• Higher processing rates and fees, as well as extra account charges intended to protect the Merchant Account institution.
  • Rolling reserves may be required. This arrangement allows the Merchant Account bank to hold back a certain percentage of sales in order to ensure they are covered in the case of chargebacks or the business closing.
  • Volume caps may be instituted that only allow merchants to process a certain amount of transactions in any given month. The cap is usually between $25-$50,000, which limits the business’s ability to expand and grow, but protects the Merchant Account bank.
  • Finding the right Merchant Account. High risk merchants have a harder time finding acceptable payment processing solutions. There are a number of reputable businesses out there, but sifting through it all is more difficult than walking in to your traditional bank.

What if you are a High Risk Merchant?

The good news is that there is a solution out there for you. There are many payment processors who specialize in high risk merchants. They are often able to set up arrangements, including lower fees and waiving rolling reserves, that make processing payments less cumbersome that with a traditional bank. The most important thing for you to do is your research. Find the high risk Merchant Account that best suits your individual business needs.

 

Keep in mind also that there may be nothing you can do about being a high risk merchant. If you are in an industry identified as high risk for merchants. You aren’t going to change your business model to meet payment processing requirements, so you will need to find a work around, one way or another.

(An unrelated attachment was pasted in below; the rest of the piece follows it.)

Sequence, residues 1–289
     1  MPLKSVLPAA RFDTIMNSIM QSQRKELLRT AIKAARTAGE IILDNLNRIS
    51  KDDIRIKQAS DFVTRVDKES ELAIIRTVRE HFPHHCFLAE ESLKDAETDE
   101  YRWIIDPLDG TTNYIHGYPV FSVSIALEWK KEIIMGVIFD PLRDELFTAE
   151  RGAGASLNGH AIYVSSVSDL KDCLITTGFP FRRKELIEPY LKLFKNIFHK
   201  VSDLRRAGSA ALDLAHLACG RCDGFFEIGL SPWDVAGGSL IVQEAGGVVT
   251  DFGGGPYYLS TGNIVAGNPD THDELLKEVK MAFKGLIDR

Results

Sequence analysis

Impact of being a High Risk Merchant on Your Business?

It is going to cost you more to process transactions if you are a high risk merchant. It just is. Merchant Account institutions have to do something to protect themselves and it comes out in fees for everything and rolling reserves. However, if you find the right provider, you may have an opportunity to prove your business and lessen some of those fees. As far as customers are concerned, however, they will not know the difference between a high risk and a low risk business.

 

While there are a number of high risk merchant processing solutions out there, it is best to do your research to make sure you are getting the right fit for your business in the payment processing realm. One example of such a payment processor and Merchant Account provider is GAM Payments. This boutique payments provider that specializes in high risk Merchant Accounts. While focusing on partnering with selected merchants to deliver top level customer service, GAM Payments prides itself on being transparent and affordable for high risk merchants. The small, dedicated, caring team at GAM Payments will be there to support your payment processing needs. They know the ins and outs of the payment processing industry and seek out high risk merchants to help provide effective solutions and enable business success.

 

Determining your business’s payment processing needs plays a vital role in business success. From inspiring consumer confidence to seamlessly cashing out your earnings, such companies facilitate it all and are the key to getting in the game. And even if your business is identified as a high risk merchant, you will survive. There are payment processors who specialize in the needs of high risk merchants and will help you get on your feet.